Next Article in Journal
Research Progress and Development of Mechanized Potato Planters: A Review
Next Article in Special Issue
Synthesizing Knowledge about Structural Change in Agriculture: The Integration of Disciplines and Aggregation Levels
Previous Article in Journal
Modal Analysis and Experiment of a Lycium barbarum L. Shrub for Efficient Vibration Harvesting of Fruit
Previous Article in Special Issue
Structural Changes in Israeli Family Farms: Long-Run Trends in the Farm Size Distribution and the Role of Part-Time Farming
Article

The Survival of Family Farms: Socioemotional Wealth (SEW) and Factors Affecting Intention to Continue the Business

Faculty of Law, Economics and Tourism, Universitat de Lleida, 25001 Lleida, Spain
*
Author to whom correspondence should be addressed.
Academic Editor: Ayal Kimhi
Agriculture 2021, 11(6), 520; https://doi.org/10.3390/agriculture11060520
Received: 14 April 2021 / Revised: 28 May 2021 / Accepted: 29 May 2021 / Published: 3 June 2021
This article addresses the problem of succession in family farms in a context of generational change. Family businesses are characterized by their long-term orientation and by having a positive effect through environmental goals that remain in place generation after generation. The general increase in average age among farmers is seen as a barrier to more sustainable land use, and the survival of family farming therefore depends on the availability of a successor in the family. Socioemotional wealth (hereafter, SEW) is understood as the affective endowment of family members. This study adopts the SEW dimensions conceptually validated to analyse the effects of psychological and socioeconomic factors on potential successors’ intentions. The results of a survey administered to students attending agricultural schools in Catalonia show that intentions to assume the management and ownership of the family farm increase in line with individuals’ interest in creating their own business, their ability to take over the farm, and their emotional inclination to continue the family legacy. In addition, SEW was measured in relation to the potential successor and not the incumbent, as has typically been the case in previous work, bringing this important research subject as a principal actor. Finally, an empirical validation of a short FIBER scale, i.e., REI scale, was obtained that relates individuals’ intentions to succeed the family farm to the socioemotional wealth of business families, testing suitability of the REI scale as a measure of intention to succeed. View Full-Text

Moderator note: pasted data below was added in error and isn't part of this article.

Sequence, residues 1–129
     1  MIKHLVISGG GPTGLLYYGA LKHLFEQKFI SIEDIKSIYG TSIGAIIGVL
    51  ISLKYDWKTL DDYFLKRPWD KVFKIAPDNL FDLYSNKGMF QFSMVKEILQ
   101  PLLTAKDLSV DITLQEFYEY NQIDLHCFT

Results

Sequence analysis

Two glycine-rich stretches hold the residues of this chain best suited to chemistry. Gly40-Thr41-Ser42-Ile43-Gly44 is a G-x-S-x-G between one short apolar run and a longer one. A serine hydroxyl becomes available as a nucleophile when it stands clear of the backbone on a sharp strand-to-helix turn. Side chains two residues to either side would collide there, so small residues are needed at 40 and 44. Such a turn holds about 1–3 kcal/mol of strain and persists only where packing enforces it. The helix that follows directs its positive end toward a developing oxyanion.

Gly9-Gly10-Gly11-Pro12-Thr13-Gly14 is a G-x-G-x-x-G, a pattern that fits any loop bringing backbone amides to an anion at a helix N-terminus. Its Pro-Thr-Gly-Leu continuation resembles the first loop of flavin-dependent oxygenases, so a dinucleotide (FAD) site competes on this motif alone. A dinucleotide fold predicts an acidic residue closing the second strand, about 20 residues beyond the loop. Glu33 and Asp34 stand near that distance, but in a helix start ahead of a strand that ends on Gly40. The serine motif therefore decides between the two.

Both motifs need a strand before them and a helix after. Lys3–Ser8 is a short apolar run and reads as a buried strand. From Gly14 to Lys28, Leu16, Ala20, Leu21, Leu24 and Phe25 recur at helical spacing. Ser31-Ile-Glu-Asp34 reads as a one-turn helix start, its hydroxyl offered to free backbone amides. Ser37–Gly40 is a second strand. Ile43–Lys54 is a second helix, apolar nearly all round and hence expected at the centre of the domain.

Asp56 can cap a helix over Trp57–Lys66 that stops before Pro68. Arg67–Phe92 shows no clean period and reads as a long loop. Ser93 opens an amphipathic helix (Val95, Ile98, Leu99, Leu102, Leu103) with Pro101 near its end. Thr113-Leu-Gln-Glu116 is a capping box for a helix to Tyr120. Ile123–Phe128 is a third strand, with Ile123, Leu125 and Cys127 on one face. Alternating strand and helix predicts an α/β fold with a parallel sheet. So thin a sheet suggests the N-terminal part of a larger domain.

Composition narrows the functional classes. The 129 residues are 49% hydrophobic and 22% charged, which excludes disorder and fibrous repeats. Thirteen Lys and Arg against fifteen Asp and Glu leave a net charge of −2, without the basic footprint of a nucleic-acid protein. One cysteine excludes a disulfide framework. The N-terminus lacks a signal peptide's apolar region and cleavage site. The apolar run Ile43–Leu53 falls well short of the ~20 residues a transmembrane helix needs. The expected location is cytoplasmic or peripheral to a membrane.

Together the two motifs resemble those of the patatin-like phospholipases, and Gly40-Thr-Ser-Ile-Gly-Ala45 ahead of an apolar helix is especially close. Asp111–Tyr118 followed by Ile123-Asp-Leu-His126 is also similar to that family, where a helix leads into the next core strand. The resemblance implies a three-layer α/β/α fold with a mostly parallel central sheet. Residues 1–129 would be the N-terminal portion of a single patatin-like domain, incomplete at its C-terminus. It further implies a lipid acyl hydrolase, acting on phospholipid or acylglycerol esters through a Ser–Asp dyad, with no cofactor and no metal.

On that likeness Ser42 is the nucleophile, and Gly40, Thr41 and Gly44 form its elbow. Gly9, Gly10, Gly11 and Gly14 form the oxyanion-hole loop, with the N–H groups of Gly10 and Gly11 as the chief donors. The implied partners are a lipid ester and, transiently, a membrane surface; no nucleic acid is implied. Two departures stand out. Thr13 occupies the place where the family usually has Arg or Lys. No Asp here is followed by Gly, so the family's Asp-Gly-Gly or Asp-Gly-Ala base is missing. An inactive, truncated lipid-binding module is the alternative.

Keywords: family farms; succession; continuity; socioemotional wealth family farms; succession; continuity; socioemotional wealth
Show Figures

Figure 1

MDPI and ACS Style

Plana-Farran, M.; Gallizo, J.L. The Survival of Family Farms: Socioemotional Wealth (SEW) and Factors Affecting Intention to Continue the Business. Agriculture 2021, 11, 520. https://doi.org/10.3390/agriculture11060520

AMA Style

Plana-Farran M, Gallizo JL. The Survival of Family Farms: Socioemotional Wealth (SEW) and Factors Affecting Intention to Continue the Business. Agriculture. 2021; 11(6):520. https://doi.org/10.3390/agriculture11060520

Chicago/Turabian Style

Plana-Farran, Manel, and José L. Gallizo 2021. "The Survival of Family Farms: Socioemotional Wealth (SEW) and Factors Affecting Intention to Continue the Business" Agriculture 11, no. 6: 520. https://doi.org/10.3390/agriculture11060520

Find Other Styles
Note that from the first issue of 2016, MDPI journals use article numbers instead of page numbers. See further details here.

Article Access Map by Country/Region

1
Back to TopTop